With Patchwork Balkan, Jefferson Institute created an online portal to generate embeddable data visualizations about the Balkans. The project included tools enabling registered users to upload new datasets and to create visual data displays, and it matched the panoply of information with weekly reporting from data journalists in Balkan communities.

Public discourse on the Balkans often is passionate, but it rarely is well informed. Stereotypes and anecdotes dominate, rather than hard data. Deep local knowledge exists on the state of the Balkans, its peoples, and its frontier regions. However, public access to this information has been limited, and the data has not been presented in a visual format that aids identification of positive trends or emerging challenges. Additionally, social scientists and hard scientists alike have lacked mechanisms to provide citizen scientists with intuitive direct access to their Balkan research, for popular self-learning, and for social sharing of those lessons.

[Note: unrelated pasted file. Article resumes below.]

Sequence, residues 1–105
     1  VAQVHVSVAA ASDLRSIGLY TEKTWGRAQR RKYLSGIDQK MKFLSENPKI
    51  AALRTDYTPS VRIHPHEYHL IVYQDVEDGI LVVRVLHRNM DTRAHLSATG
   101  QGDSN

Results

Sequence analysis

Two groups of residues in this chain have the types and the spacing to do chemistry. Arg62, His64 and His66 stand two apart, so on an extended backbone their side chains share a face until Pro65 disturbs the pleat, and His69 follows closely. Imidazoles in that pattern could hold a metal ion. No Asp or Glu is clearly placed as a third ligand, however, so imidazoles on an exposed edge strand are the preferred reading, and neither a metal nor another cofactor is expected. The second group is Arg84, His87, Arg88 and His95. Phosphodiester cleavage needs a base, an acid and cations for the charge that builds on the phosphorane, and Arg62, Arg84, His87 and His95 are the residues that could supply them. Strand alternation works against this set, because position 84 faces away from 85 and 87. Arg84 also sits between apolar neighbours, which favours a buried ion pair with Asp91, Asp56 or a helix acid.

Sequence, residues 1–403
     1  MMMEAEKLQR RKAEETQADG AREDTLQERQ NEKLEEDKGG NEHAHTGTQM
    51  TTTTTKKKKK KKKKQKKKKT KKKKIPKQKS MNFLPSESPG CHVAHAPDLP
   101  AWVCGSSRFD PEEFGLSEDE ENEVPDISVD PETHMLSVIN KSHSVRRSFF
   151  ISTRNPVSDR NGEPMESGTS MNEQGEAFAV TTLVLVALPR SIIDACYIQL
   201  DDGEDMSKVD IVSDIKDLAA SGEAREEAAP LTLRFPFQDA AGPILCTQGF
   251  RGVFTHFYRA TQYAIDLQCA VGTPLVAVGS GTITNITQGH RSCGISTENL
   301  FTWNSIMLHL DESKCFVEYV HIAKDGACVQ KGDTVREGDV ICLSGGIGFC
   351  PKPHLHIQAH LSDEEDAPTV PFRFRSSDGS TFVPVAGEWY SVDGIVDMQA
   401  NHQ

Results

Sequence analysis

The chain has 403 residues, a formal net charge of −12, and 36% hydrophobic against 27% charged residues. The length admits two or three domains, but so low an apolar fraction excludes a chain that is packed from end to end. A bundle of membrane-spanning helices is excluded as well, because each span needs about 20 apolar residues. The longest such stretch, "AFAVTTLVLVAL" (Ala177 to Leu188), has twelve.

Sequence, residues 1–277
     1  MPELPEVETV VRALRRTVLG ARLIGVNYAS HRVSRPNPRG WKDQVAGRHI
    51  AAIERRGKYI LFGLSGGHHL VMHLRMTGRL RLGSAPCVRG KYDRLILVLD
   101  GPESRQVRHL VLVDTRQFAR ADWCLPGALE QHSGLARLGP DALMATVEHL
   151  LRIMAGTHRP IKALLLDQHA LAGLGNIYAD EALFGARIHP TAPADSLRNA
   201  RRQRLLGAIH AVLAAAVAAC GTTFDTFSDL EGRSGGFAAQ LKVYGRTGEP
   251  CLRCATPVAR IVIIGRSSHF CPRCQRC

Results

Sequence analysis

By collecting, compiling, and presenting quantitative and qualitative comparative data – and making it publicly available online through interactive visualizations – Patchwork Balkan expanded the knowledge base and understanding of local and international stakeholders about the true condition of the Balkans and helped better place the region’s changing context over time.